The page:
Delta has announced a second “path-of-totality flight” for April 8’s total solar eclipse—and reassured its airborne eclipse chasers that it will make every effort to give its customers a “memorable flight experience.”

The newly announced Delta flight 1010 will depart from Dallas-Fort Worth on April 8 at 12:30 p.m. CDT and arrive in Detroit at 4:20 p.m. EDT, alongside the airline’s other path-of-totality flight, DL 1218 from Austin to Detroit, which was announced last week.

That flight sold out in less than 24 hours and saw searches for flights from AUS-DTW on Delta channels spike by more than 1,500%, prompting the airline to add a second flight to accommodate more customers after a view of the total eclipse from above any clouds. Delta flight 1010 has itself now sold out less than 24 hours after being advertised.

MORE FROM FORBESIs Delta Flight 1218 Really The Best Way To View April 8’s Total Solar Eclipse?

Flights To Totality

It’s understandable why a “flight to totality” is attractive. April 8’s total solar eclipse across Mexico, the U.S., and Canada will take place during spring weather in Texas and later in winter for states farther northeast along the path of totality. Clear skies are certainly not guaranteed for eclipse chasers on the ground.

However, there is nothing guaranteed for passengers attempting to view the eclipsed sun from 30,000 feet on a commercial airline. While they may presume to be above the clouds as totality strikes, other factors complicate eclipse flights:

  • Plane windows are not well suited for looking at an eclipse 40 degrees or more above the horizon (it will be between 50 and 63 degrees).
  • Multiple layers of the window create reflective and refracted images.
  • Take-off delays can ruin the entire experience.

However, perhaps the most concerning aspect is that the eclipsed sun will occur high in the sky behind the plane, allowing only those on the right-hand side of the plane to have any chance of straining to see the eclipsed sun.

Ideal Flight Plans

“We are engaged with the FAA on these flights, including ideal flight plans that will allow us to fly along the path of totality,” said a Delta spokesperson in an email. “Delta teams are working in lockstep ahead of these special flights, and we plan to do everything within our control to give customers a memorable flight experience, regardless of what side of the aircraft they’re sitting on.”

The airline revealed that it plans to make a series of turns to allow for views from both sides of the aircraft during these flights, though it added that this plan depends on the FAA and Air Traffic Control approval on the day of the flights.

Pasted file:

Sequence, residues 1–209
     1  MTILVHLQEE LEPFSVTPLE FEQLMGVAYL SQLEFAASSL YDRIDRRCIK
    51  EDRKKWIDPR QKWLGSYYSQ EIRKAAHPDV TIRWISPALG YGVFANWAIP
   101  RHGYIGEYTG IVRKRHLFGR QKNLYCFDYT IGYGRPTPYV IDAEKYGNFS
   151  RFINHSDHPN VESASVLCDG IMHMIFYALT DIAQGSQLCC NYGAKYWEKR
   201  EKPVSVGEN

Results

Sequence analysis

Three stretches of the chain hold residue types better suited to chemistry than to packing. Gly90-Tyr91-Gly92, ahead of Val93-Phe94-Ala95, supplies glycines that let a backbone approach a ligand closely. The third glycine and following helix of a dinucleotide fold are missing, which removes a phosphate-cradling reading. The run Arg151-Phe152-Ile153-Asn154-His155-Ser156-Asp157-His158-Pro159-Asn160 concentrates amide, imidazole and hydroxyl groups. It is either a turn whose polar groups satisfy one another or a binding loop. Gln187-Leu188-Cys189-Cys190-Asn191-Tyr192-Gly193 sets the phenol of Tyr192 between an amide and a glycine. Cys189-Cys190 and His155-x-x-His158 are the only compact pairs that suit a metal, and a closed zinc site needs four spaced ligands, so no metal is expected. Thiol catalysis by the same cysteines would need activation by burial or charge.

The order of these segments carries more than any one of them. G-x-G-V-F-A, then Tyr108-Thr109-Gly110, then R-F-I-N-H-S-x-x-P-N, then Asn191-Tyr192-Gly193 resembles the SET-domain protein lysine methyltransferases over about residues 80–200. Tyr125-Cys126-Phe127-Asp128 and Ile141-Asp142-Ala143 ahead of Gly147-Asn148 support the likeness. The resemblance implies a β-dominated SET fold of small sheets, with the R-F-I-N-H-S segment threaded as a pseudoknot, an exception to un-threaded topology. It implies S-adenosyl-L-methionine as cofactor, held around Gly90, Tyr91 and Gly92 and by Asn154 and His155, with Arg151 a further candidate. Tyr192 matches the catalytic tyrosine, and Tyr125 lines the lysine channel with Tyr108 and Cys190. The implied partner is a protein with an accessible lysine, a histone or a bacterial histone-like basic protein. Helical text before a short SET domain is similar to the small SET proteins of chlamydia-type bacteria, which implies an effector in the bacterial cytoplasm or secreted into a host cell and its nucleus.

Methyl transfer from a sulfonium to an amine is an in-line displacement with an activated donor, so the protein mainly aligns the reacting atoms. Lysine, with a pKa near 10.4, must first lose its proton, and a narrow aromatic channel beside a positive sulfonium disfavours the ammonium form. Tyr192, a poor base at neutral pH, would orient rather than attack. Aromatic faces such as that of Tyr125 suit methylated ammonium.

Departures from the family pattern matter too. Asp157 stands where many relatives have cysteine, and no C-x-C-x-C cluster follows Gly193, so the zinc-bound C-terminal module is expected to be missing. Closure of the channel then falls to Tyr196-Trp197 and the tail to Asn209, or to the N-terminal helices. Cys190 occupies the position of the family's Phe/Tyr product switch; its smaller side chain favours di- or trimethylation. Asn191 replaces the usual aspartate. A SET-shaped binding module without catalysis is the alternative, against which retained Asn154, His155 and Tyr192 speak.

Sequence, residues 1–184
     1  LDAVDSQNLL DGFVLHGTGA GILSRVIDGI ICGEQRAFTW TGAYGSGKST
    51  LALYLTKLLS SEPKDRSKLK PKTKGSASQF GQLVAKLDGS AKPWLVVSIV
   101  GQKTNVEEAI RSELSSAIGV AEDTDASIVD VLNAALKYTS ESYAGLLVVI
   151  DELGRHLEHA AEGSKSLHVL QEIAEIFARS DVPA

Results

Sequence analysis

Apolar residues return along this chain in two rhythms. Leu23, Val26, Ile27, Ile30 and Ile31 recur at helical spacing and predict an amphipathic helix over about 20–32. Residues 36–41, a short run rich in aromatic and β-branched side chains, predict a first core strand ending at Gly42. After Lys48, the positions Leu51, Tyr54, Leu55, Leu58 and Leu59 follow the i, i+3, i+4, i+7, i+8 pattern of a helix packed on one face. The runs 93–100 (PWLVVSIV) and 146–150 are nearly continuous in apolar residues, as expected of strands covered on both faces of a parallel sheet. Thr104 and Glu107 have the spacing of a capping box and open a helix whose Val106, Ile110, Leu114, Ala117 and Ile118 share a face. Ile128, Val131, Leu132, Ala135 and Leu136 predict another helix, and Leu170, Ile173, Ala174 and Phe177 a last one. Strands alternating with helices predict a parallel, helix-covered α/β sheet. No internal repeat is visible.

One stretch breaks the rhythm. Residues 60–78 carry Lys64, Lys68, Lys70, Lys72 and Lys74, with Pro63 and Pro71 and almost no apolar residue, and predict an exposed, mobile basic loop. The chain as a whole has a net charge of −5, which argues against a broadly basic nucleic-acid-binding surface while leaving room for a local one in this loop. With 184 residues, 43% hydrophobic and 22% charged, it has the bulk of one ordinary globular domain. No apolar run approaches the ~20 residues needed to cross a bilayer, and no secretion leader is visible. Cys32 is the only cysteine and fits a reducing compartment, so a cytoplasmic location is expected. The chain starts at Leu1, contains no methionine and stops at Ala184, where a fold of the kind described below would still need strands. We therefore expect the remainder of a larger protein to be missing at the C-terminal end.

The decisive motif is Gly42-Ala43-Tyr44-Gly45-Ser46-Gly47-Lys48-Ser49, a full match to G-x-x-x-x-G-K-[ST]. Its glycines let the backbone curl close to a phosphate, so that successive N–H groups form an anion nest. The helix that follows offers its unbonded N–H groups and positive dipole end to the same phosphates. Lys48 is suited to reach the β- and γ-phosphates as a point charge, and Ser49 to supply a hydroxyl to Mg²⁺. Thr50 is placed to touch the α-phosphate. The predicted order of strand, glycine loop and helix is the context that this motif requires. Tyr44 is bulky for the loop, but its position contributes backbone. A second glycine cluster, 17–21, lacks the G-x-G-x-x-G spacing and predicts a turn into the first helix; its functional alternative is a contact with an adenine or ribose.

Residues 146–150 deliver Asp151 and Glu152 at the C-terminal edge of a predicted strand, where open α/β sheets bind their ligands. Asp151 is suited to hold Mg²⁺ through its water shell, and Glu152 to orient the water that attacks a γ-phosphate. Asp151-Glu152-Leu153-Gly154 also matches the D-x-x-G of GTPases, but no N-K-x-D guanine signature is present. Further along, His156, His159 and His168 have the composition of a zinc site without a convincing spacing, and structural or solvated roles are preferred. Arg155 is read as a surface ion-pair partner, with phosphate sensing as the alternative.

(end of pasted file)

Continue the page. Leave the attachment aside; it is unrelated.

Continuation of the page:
Threat Of Delay

There’s also the prospect of a flight being delayed—and thus missing the total phase of the eclipse—which would be crushing for those flying on Delta’s original flight, DL 1218, from Austin to Detroit. That’s because Austin-Bergstrom International Airport is just outside the path of totality, so stranded passengers would miss the main event even from the ground. It will see a 99.97% partial solar eclipse—which is 0% total solar eclipse.

Not so for those on the new Delta flight 1010, which will depart from Dallas Fort Worth International Airport. At least that airport is in the path of totality. It will occur there for three minutes at 1:40 p.m. CDT—about an hour after the scheduled take-off.

No Auto-Dim Windows

One problem airborne eclipse chasers on Delta won’t have is auto-dimmed windows. Delta’s DL1010 will operate on an A321neo, which often has auto-dimmed windows. That could play havoc with watching the sky darkening as the moon’s shadow envelopes the plane, but Delta confirmed to me in an email that these are not on the A321neo—or the A220-330 being used for the DL 1218 from Austin to Detroit flight.

While there are concerns about the limitations of viewing an eclipse from a commercial aircraft—and there is certainly no guarantee of anything— Delta remains optimistic about the flight’s success. With the overwhelming response to their first flight, it’s also clear that many people are eager to witness this rare event from a different perspective.

For the latest on all aspects of April 8’s total solar eclipse in North America, check my main feed for new articles each day.

Wishing you clear skies and wide eyes.

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